A visit to the museum, though, quickly upends any such preconception. Curator Clare Dolan has filled an old dairy barn with a collection of exhibits that uses dental hygiene alone as a lens through which to view the world.
The cover photo for On Northern Waters is of Lana Hill and David Birdsall on the Winisk River in Ontario in 1985. David Brown took most of the photos in the book, but a few were taken of him by his companions.
copyright the Chronicle June 11, 2014
by Bethany M. Dunbar
For those who love the wilderness, northern Quebec and Labrador are close enough to be enticing. On Northern Waters, by Dave Brown of Craftsbury, will take you there vicariously if the complications of backwoods canoe travel seem daunting. Watch out — it might spark the desire to experience these far northern places into an overwhelming craving. Mr. Brown hopes so.
The large format (11 by 13 inches) hardcover book is a collection of photos of 40 years of such trips, with an essay for each chapter. Mr. Brown created the book himself in the same way he creates wooden bowls, his home, and his furniture. He figured out how it was done, and then he did it, with quality as a goal instead of quantity. Continue reading →
The cover for the Evansville Transit Authority’s new CD of original music is nothing if not homegrown and simple.
copyright the Chronicle May 28, 2014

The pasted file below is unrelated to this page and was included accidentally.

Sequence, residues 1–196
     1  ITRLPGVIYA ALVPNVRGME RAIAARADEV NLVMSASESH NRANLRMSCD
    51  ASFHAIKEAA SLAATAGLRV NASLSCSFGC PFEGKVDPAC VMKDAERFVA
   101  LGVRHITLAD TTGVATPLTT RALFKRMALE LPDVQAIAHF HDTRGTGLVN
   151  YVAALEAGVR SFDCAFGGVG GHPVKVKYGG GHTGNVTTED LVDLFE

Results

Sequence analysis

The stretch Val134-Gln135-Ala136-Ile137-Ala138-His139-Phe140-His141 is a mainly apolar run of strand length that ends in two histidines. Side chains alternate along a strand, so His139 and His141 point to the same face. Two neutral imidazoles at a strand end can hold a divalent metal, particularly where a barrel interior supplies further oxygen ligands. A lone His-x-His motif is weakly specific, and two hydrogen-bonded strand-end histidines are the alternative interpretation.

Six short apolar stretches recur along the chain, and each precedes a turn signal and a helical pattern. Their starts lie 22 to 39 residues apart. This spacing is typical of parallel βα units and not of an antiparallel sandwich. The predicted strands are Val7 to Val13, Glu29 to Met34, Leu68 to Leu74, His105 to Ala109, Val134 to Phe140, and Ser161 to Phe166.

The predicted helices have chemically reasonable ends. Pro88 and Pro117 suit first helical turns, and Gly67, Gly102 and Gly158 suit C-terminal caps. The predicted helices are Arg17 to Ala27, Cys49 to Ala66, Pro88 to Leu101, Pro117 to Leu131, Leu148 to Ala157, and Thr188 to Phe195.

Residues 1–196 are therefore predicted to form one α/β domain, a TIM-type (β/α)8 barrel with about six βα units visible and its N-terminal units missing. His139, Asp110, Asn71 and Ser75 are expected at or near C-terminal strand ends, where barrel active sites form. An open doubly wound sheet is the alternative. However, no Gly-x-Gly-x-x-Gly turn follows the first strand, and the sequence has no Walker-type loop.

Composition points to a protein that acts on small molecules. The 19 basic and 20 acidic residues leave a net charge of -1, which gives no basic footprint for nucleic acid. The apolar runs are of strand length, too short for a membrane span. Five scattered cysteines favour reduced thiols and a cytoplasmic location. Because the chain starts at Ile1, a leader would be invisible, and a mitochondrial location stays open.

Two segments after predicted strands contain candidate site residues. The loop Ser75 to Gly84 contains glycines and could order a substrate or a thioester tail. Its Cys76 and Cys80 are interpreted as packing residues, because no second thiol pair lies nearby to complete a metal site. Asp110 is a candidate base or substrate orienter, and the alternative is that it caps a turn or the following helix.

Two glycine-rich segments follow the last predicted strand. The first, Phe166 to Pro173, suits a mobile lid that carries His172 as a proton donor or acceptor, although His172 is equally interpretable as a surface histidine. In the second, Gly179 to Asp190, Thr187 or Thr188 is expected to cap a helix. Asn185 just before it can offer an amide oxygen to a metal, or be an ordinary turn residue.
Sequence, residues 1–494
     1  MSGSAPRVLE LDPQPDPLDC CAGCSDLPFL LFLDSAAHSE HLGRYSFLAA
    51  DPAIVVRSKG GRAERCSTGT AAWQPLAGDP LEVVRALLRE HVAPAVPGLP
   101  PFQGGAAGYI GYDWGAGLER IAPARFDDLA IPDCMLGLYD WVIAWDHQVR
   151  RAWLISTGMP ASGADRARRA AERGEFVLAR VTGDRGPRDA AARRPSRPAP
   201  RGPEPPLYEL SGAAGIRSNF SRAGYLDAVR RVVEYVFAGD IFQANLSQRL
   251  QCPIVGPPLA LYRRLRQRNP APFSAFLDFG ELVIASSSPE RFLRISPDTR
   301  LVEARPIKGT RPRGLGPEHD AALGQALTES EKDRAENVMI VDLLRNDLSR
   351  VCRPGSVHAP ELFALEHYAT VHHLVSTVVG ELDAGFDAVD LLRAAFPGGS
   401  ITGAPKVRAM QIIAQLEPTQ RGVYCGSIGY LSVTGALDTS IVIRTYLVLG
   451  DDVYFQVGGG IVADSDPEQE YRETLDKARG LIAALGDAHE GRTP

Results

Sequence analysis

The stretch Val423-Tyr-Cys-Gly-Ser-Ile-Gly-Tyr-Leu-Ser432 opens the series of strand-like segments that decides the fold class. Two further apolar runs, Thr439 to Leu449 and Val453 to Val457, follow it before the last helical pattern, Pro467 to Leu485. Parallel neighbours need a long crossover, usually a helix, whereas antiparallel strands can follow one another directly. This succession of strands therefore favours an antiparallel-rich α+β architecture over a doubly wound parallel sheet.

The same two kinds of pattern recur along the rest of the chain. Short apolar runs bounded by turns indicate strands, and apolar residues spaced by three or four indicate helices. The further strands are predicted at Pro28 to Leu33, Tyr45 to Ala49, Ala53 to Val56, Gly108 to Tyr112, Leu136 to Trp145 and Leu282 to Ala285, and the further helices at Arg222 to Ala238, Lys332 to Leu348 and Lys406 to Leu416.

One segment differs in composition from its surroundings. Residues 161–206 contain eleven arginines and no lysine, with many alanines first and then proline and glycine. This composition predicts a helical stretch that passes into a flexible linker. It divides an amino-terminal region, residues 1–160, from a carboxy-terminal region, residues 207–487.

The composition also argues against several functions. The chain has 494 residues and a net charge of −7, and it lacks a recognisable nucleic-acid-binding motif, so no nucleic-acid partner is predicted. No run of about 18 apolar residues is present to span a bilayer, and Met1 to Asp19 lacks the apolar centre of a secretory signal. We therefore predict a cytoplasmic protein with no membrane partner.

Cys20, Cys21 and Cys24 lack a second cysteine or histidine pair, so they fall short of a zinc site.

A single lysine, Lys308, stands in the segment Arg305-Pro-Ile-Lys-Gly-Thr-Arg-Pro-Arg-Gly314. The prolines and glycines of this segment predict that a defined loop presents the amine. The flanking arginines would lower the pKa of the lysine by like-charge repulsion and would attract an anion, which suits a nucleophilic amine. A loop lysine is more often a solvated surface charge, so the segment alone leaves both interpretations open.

by Bethany M. Dunbar
The estimated time of arrival for the new ETA compact disc of original music is: now.
The Evansville Transit Authority (ETA) band has been a local phenomenon for a dozen years and got its first paid gig when the boys were in high school. For the most part, they have played other people’s songs, from famous rock and country bands.
Their new self-titled CD is their own original music, and it’s good — good guitar playing, good singing, lyrics, and percussion.
Buildings of Vermont, by Glenn M. Andres and Curtis B. Johnson. Published by University of Virginia Press, Charlottesville and London, 2014. 504 pages. Hardbound. $85.
Reviewed by Joseph Gresser
Buildings of Vermont meets such an obvious need that it’s somewhat astonishing it didn’t already exist. It’s a book that belongs next to Esther M. Swift’s Vermont Place Names: Footprints of History on the shelf of anyone seriously interested in the state.
At first glance the book appears to be a catalog of noteworthy architecture in Vermont. It is that, but in detailing the variety of building styles it sheds new light on the history of the state.
Winter Ready, by Leland Kinsey. Published by Green Writers Press. 85 pages. Paperback. $14.95
Reviewed by Tena Starr
It was yet another cold and snowy March day in this cold and snowy winter of 2014, and Leland Kinsey’s latest book of poetry, Winter Ready, seemed an apt read. But there is little in this volume that chronicles the grueling. Nor is Winter Ready poetry as some may know it.
This lovely collection is as much prose as poetry. It’s a collection of moments, observations, and sometimes a reminiscence of a Northeast Kingdom that’s, sadly in my view, fading into memory.
In fact, the onerous chore of picking stone had completely escaped my own memory until I ran across Mr. Kinsey’s poem called “Stone Picking.”
Does anyone pick stone anymore? We used to on our farm. I recall, as a girl, thinking that rocks must somehow grow and multiply, like potatoes. Picking stone was a task for Sisyphus, who spent eternity rolling a boulder uphill.